I am curious to see how the public perception of self driving cars evolves as their popularity grows. Right now, with few driverless cars on the road, the public seems to be enthusiastic about the idea of not having to get behind the wheel of a car. But as more and more driverless cars accumulate and inevitable accidents grow, the perception might dwindle. Hopefully driverless cars do become a widely accepted thing as I would argue that the greatest benefit to driverless cars is reduced traffic.
The above video shows how a group of cars were instructed to drive along a circular track at a constant speed of 30 km/hr. After some time, the cars begin to get closer together and traffic jams build up. As we’ve seen in earlier TOM classes, this is due to the variability of the driving rate of each car. In 100 years from now, when hopefully all cars are driverless, this variability will be close to zero (assuming cars follow the normal rules of traffic). In that case, traffic not caused by an accident of physical delay will be minimized.
Spotify is always the first app I download on my iPhone when I get it replaced after accidentally smashing it on the ground or upgrading. My motivation for switching to Spotify over Pandora or iTunes was the fact that I could pick and choose individual songs I wanted to listen to and put them on playlists that I could download and listen to offline. In that sense, the Spotify business model was completely revolutionary and created immense amounts of value for music junkies like myself. As you point out, I would say they are only doing an OK job capturing the value that they create.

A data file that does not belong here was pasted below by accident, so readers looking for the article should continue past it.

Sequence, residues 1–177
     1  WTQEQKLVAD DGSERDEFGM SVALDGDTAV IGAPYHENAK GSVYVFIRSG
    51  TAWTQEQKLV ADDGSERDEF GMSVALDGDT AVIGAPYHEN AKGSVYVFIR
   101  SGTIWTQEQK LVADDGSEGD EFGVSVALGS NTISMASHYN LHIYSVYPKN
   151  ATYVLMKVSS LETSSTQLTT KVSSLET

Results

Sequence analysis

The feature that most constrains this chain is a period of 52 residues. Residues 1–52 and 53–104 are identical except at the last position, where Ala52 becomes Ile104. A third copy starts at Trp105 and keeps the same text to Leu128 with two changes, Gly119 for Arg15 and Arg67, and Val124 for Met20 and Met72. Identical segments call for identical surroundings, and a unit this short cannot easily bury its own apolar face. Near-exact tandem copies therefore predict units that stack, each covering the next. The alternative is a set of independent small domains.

The music industry is in a tough spot. Even with apps like Spotify, piracy is still huge so it seems like artists are happy to join a huge growing app to gain at least some of the revenue they would lose from piracy.
If I were spotify, I would consider charging for additional features to increase revenue. While there are currently two tiers (4.99 and 9.99), I would consider adding another price of 19.99 that gives listeners preference when buying concert tickets. I’m not exactly sure how Spotify would structure that agreement but my willingness to pay for spotify and for concerts is much higher than 9.99 / month. While I am grateful that they have kept this price for so long, I think it is time they add a higher tier option for people like myself that would gladly pay it for preferred access to seats / concerts in general.
I’m curious how the folks that use M-Pesa feel about the 2% transaction fee. While this seems low at first, if nearly everything is transacted using M-Pesa, somebody (either the consumer or the vendor) is losing that 2% to Safaricom. I understand that the system is easy to use, especially with such widespread mobile phone access, but 2% on all transactions can add up. This is great for Safaricom as it sounds like a lot of Kenya uses M-Pesa. But if credit cards (or maybe debit cards?) gained popularity in Kenya and didn’t charge 2%, would Kenyans switch? Also are there any security risks to having money be tied to phone numbers? My instinct says this is not a system that can easily be “hacked” but with little physical currency and so much of the economy transacting via the internet, are there any other security risks?
I am a huge fan of money transfer apps Venmo and Paypal in the States. While this system is slightly different, the concept is similar and definitely creates value for all customers. The fact that I don’t need to carry cash and that the money is tied to my phone number (which hasn’t and probably won’t change) makes sending and receiving money very easy.